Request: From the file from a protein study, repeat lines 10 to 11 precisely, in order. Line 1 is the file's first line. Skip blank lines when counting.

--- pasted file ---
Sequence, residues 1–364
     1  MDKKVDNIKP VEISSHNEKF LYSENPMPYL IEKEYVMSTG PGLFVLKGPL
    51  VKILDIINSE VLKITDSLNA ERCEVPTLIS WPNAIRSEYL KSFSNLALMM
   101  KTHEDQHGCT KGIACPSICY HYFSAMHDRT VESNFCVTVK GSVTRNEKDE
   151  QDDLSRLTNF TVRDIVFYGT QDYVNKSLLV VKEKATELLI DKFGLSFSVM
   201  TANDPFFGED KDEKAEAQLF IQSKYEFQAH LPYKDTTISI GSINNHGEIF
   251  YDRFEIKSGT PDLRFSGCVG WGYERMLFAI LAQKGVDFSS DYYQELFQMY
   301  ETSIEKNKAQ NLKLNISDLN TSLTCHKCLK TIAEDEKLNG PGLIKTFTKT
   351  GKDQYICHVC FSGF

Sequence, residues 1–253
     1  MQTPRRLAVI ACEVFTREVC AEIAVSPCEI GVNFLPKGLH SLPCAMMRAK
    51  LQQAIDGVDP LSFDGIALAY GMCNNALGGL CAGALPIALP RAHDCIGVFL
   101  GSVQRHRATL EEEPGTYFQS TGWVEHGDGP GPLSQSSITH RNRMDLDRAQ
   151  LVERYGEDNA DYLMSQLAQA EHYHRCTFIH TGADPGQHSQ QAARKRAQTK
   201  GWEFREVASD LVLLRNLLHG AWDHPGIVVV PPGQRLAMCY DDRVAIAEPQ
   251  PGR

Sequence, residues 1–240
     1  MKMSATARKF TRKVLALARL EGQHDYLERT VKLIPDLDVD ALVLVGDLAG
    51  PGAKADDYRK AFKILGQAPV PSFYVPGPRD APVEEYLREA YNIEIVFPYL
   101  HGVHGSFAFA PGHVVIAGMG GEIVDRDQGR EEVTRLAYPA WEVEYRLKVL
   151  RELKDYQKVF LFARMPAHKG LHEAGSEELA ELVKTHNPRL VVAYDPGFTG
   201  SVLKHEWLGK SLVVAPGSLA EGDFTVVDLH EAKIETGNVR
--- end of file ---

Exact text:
Sequence, residues 1–253
     1  MQTPRRLAVI ACEVFTREVC AEIAVSPCEI GVNFLPKGLH SLPCAMMRAK